9. Rachel

    We are watching Swamp People right now! Liz mentions tete dur as the name of a gator. Thanks for the explanation, we will be checking your site often!

  10. Love Swamp People – I think Troy Landry, Jor and Tommy and Liz are my favorites! Love the accents abd have learned two new words – pas tout la from RJ an J Paul and tete dur from Liz!

  11. michael toups

    i am so proud of my goddaughter

  12. Jerry McCall

    my wife is from Ville Platte, her mom and she say it tet zue, dialect, I guess=)

    • Dialect has a lot to do with words. OMG, even when English is being spoken, some people have such thick accents, I can’t understand them. But not people from Terrebonne and Lafourche Parishes LOL

  13. Lol. ‘dis is great! Not sure (bc I’m on my phone… But looking for the cajun/creole phrase “Well, I’ll be damn!”. I remember it something like… Phonetically … May ga dae don … Yikes, tjats terrible. Hahaha.

  14. Faith Johnson-Thibodeaux

    Dear Madame,
    I came upon your musings on Cajun French through a friend’s Facebook page and found it pretty delightful. However, your routine claim of nervousness of running out of material for your blog is silly and a little juvenile/naive. Cajun French is an ever evolving language that will never run out of new combinations because the people who live and breathe this culture are routinely adapting it to suit their daily lives. You obviously have some real connection to the Cajun French language/culture because you have a parrain. That is why I found in your assertion that Swamp People is a great place to learn or experience everything Cajun, mind boggling. I also felt it was simultaneously insulting as well as showing your lack of understanding of my culture. I grew up and have lived in Lafayette, LA most of my life. Lafayette is the center of Acadiana and the heart of Cajun country. Although ethnically I am Irish, I have always considered myself part of this culture because of my family’s history in the area. I can tell you definitively that you won’t find a single intelligent person here that will agree with you that Swamp People, an inaccurate show full of exploited unintelligible speaking NON-cajuns that a network has decided to fool the rest of our country with, has ANYTHING to do with the culture and language that we here are so proud of. This assertion of yours only serves to fool and mislead. By the way, we here also hate the show “Cajun pawn stars” as those people are in Alexandria and are definitely not Cajun.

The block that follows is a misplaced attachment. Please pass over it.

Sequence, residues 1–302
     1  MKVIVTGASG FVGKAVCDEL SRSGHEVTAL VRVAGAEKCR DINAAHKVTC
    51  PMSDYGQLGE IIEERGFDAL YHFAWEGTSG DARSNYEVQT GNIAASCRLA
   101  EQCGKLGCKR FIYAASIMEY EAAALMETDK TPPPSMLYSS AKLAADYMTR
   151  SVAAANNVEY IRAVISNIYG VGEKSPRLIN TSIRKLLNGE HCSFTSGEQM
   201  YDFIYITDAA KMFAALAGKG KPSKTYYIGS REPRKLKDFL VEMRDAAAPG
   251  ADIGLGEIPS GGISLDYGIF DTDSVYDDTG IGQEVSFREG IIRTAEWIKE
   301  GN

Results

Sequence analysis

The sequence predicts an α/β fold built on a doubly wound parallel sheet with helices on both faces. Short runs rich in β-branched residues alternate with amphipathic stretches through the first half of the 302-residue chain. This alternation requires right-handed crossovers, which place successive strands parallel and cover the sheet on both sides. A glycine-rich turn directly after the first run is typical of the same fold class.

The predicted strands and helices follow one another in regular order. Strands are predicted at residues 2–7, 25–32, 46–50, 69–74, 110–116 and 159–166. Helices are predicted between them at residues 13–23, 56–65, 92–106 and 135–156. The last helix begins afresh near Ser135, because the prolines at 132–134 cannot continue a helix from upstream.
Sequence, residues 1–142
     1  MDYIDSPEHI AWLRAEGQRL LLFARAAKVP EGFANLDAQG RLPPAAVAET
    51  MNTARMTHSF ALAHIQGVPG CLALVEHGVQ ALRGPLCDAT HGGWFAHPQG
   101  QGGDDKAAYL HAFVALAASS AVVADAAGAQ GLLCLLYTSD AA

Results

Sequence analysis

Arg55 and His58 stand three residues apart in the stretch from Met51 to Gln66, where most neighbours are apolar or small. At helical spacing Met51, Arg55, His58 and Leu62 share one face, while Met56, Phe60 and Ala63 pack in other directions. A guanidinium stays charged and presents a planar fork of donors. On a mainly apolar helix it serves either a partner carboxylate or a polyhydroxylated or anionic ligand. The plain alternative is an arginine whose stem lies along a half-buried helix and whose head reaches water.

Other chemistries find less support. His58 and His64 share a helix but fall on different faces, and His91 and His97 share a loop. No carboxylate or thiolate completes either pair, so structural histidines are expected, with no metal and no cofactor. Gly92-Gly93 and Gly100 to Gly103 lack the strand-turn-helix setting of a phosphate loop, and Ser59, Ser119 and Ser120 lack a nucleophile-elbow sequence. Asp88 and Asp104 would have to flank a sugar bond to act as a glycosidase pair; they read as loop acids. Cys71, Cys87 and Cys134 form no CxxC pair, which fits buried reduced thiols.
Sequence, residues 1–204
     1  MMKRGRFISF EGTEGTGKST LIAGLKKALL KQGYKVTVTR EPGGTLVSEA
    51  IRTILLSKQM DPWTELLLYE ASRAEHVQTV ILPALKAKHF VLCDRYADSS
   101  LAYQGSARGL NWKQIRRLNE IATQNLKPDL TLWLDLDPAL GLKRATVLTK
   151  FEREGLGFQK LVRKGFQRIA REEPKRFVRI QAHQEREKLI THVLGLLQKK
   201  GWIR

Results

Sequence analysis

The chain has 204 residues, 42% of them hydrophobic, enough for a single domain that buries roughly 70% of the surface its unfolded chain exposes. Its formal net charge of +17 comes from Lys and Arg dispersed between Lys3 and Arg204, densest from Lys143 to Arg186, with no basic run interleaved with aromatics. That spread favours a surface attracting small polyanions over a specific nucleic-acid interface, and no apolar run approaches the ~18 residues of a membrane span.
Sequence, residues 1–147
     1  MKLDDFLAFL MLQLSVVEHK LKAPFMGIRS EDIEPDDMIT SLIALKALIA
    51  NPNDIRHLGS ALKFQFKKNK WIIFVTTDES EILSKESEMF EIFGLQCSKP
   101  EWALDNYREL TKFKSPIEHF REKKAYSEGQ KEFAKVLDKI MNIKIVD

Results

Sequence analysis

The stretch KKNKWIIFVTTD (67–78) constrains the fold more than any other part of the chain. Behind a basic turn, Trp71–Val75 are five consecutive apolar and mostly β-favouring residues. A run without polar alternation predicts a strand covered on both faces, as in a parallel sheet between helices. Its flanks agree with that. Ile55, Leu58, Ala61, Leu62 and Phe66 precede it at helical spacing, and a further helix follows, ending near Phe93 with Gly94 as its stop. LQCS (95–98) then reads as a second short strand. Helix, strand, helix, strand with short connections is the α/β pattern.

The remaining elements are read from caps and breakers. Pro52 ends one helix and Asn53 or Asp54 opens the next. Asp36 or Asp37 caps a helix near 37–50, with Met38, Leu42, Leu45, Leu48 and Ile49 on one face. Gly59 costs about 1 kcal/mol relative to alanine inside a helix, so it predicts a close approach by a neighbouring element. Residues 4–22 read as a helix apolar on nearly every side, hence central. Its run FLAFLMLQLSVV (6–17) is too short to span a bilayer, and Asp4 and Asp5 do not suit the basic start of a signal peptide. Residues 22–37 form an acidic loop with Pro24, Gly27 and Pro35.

Thank you for your time,

    Faith A. Johnson-Thibodeaux

    • Ma’am, while I appreciate your comment, I too was born and raised in South Louisiana. South of I-10 to be exact. If you were to read more than this one post, you would see that my fears of running out of material is more due to my lack of Cajun French skills than anything else. I have long been a supporter of keeping Cajun French alive and well and showing the world that we are more than the shows on television.

      My family has lived in this area since the 18th century and Cajun French was always a part of my family’s life until my grandfather was beaten for speaking it in school. Hence the language was lost to us.

      As for Swamp People, I was pleased for once to see a show that wasn’t about New Orleans and Bourbon Street. I know very well that it’s far from being an accurate representation of this region and it’s people.

      Thank you for your time and comment.

  15. Todd

    My friend Debra from New Iberia used that term all the time.